HARC researchers Dr. Stephanie Glenn, Ryan Bare and Brad Neish published work in the Texas Water Journal, Volume 8 No 1 issue.
Southeast Harris County Water Quality Improvement
The majority of tributaries flowing into the western side of Galveston Bay in Harris County do not meet water quality standards and are classified as impaired. Harris County is home to a population of nearly four million people, estimated to double in size by the year 2030. If this population increase occurs as expected, development pressures and non-point source contamination of surface water will likely increase as well. HARC has worked to help local communities improve water quality and quality of life.
The project was led by Dr. Stephanie Glenn, Senior Research Scientist in Hydrology and Watersheds and Lisa Gonzalez, President of HARC. HARC partnered with Harris County, U.S. Fish and Wildlife Service, the U.S. Geological Survey, and Shead Conservation Solutions to assess the effectiveness of Best Management Practices (BMPs) used to improve water quality and mitigate flooding. BMPs such as riparian buffers and wet bottom and dry bottom detention ponds were evaluated for their capability to sequester nutrients, bacteria, and other pollutants from stormwater runoff entering coastal tributaries. To view water quality data collected during the study visit the Stormwater Connection Data Viewer.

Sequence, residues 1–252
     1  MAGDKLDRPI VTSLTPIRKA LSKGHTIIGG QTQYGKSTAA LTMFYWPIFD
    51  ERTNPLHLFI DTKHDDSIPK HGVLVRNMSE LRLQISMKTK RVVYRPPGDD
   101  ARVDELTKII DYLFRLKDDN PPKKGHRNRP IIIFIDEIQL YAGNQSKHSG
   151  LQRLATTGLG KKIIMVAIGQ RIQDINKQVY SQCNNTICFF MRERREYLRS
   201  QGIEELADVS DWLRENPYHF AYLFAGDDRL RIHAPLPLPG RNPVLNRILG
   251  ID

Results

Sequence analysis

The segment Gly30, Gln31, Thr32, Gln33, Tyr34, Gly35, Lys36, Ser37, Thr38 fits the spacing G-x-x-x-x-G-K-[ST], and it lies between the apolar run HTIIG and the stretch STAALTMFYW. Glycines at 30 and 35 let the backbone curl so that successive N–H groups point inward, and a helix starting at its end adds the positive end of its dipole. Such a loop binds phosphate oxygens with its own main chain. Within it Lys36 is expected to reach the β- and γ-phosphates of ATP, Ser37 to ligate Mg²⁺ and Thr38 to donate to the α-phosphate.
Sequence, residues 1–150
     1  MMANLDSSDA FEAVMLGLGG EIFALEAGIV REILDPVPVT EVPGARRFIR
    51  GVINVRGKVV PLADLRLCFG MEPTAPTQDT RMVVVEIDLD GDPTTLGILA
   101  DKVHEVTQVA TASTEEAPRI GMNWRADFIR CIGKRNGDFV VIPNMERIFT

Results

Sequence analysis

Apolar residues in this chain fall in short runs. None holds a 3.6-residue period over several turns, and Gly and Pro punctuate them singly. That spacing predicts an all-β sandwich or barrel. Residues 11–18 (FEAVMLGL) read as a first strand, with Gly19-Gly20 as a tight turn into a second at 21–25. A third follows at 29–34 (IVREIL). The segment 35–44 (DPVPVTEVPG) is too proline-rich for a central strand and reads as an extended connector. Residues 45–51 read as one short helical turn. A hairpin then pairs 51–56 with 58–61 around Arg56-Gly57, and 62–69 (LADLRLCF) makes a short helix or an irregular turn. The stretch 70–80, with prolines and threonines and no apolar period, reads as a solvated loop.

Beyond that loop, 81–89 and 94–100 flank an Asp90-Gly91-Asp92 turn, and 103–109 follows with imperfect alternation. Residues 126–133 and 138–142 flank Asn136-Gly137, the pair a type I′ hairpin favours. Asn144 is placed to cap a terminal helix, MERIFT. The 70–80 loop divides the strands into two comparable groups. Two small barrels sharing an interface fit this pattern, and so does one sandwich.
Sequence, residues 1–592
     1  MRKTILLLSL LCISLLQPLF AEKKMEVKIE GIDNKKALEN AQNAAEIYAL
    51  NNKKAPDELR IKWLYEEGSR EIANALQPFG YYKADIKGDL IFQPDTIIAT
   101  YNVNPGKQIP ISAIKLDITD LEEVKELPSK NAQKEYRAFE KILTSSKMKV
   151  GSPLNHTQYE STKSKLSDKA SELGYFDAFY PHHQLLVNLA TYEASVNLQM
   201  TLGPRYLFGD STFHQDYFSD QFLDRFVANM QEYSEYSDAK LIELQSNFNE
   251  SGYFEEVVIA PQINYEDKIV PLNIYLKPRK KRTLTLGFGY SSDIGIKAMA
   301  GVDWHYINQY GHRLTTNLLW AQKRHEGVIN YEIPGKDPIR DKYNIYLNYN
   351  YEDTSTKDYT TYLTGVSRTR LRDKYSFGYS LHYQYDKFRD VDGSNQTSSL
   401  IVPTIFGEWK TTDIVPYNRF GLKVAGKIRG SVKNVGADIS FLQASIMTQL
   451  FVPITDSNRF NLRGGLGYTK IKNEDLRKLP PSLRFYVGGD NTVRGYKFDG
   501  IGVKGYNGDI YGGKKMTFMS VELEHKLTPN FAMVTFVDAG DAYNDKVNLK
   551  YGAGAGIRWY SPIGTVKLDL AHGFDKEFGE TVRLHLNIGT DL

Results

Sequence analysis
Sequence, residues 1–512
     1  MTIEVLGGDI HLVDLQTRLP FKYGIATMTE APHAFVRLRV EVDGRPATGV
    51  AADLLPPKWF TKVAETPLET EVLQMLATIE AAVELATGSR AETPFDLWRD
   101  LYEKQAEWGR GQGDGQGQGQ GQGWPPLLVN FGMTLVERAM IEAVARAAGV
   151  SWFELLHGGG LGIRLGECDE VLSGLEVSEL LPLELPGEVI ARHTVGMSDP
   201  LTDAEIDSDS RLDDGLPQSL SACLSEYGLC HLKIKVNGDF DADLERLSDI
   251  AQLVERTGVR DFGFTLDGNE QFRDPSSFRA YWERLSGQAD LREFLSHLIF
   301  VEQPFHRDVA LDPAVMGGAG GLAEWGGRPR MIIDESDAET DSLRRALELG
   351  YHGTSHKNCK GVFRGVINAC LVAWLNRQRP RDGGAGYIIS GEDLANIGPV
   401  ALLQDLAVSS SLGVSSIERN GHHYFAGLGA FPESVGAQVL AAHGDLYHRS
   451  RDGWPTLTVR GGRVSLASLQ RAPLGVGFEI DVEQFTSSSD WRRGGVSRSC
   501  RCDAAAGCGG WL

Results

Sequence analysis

To learn more about Southeast Harris County Water Quality Improvement, please visit http://www.harcresearch.org/stormwaterstory
Stephanie Glenn will present at the 2014 American Water Resources Association Annual Water Resources Conference in Tysons Corner, Virginia, November 5, 2014.
The Paramount Theatre and The Cynthia and George Mitchell Foundation presented the regional premiere of Watershed in Austin, Texas, on January 15th.